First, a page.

In the construction shown the can sleeve includes a side wall panel 10, a top wall panel 11, a side wall panel 12 and a bottom wall panel 13, connected in series by parallel fold lines 14, 15 and 16. A glue flap17 is connected to the bottom panel 13 along a fold line 19 and this glue flap 17 overlaps the panel 10 and is adhered I thereto. The description of the panels 11 and 13 as top and bottom panels, respectively, is only to simplify the explanation as any of the panels might be uppermost in actual practice.

A pair oftabs 20 and 21 are connected to opposite ends of the top panel 11 along parallel fold lines 22 and 23, respectively. These fold lines 22 and 23 might be in line with the edges of the panels 10 and 12 if it is desired that one-half the body of the end cans B. of the series project from the sleeve. It is usually preferable to oifset the fold lines 22 and 23 inwardly so that the sleeve extends slightly past the center point of the end cans.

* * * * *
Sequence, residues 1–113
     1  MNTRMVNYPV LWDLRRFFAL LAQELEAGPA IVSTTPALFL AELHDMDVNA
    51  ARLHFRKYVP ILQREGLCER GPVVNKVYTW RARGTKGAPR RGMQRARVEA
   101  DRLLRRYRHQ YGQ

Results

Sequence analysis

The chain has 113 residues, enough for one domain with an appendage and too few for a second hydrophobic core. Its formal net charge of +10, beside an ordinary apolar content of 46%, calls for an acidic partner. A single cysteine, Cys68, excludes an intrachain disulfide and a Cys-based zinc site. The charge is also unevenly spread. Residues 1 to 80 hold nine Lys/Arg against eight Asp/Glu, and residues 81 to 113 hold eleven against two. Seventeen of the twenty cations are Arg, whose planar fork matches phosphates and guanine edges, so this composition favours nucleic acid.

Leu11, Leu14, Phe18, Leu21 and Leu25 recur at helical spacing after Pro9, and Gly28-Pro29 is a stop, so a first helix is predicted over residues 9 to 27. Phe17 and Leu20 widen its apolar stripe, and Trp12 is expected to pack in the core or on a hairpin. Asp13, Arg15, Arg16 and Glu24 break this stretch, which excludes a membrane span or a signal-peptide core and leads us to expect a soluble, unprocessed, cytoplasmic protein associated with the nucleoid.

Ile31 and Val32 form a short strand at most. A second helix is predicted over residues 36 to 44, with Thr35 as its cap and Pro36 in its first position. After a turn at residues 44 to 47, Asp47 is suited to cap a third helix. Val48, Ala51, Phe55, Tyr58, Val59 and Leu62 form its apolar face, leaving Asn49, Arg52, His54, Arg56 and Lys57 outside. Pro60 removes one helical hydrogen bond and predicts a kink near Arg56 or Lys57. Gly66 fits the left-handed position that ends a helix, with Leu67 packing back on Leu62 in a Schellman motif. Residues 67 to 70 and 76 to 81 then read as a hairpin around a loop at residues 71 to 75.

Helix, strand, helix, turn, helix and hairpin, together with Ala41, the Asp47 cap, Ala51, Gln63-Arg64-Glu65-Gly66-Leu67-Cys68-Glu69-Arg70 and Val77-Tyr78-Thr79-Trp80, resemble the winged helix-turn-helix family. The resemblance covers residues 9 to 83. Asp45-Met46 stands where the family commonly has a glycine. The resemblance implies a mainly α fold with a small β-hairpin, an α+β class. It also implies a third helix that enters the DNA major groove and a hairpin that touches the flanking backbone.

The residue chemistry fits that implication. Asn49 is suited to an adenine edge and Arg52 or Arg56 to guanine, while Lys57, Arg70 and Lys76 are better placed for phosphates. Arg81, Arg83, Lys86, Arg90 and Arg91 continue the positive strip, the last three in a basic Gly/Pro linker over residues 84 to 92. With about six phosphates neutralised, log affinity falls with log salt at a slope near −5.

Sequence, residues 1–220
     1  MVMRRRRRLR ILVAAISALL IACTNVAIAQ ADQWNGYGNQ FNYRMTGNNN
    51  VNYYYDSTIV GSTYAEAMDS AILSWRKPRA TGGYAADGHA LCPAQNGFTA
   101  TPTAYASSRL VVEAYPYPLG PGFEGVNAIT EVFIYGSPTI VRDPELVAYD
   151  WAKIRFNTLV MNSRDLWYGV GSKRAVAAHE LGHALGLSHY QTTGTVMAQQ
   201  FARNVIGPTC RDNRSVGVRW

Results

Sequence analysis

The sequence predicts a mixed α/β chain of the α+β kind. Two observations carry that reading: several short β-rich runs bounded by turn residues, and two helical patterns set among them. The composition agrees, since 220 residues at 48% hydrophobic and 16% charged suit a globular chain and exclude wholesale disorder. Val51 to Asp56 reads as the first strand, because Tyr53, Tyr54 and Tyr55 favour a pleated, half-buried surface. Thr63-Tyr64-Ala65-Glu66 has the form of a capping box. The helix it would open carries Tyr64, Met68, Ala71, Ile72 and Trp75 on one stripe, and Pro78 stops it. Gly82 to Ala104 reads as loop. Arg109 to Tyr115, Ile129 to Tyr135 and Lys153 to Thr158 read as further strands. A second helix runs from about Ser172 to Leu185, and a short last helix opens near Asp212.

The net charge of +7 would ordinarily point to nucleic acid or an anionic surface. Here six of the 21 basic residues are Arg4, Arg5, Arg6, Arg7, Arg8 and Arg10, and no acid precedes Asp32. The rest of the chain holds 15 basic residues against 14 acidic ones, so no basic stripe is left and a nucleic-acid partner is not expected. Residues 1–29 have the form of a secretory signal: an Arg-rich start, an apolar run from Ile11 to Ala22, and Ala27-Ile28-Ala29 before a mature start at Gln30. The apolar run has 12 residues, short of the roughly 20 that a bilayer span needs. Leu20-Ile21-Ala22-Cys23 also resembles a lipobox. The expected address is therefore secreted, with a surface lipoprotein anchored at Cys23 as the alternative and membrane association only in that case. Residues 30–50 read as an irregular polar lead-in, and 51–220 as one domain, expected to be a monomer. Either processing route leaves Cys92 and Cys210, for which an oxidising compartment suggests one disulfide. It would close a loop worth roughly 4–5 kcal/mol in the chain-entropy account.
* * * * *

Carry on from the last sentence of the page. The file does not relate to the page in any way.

The tabs 20 and 21 usually include parallel side edges 24 and 25 and a partially arcuate outer edge 26 which is shaped to follow the contour of the recessed end of a can B. Foldably connected along a chord of the arcuate edge 26 is a reinforcing tab 27 which is also provided with a partially arcuate edge 29. The fold, line 30 is parallel to the fold line 22 so that when the rein forcing flap 27 is folded onto the tab 20, and is adhered thereto, a tab of double thickness is provided.

The tab 21 is shaped similarly to the tab 20 and is connected along a fold line 31 to a reinforcing tab 32 which, when folded onto the tab 21, is substantially coextensive therewith. Obviously the reinforcing tabs do not have to cover the entire areas of the tabs to which they are secured if less reinforcing is necessary.

The bottom panel 13 is also usually connected along parallel fold lines 33 and 34 to flaps 35 and 36, respectively. The fold lines 33 and 34 are usually aligned with the fold lines 22 and 23 when the blank is flat. The tab 35 is connected along a fold line 37 to a reinforcing flap 39 while the flap 36 is similarly connected along a parallel fold line 41 with a reinforcing flap 42.

In formation, the flat blank illustrated in Figure 2 is moved through a gluer and the reinforcing tabs are folded and adhered to the tabs to which they are connected. The blank is then usually moved at right angles or fed through a second gluing machine and folded along the fold lines 16 and 14 and the flap 17 is adhered to the panel 10 to form a tubular structure.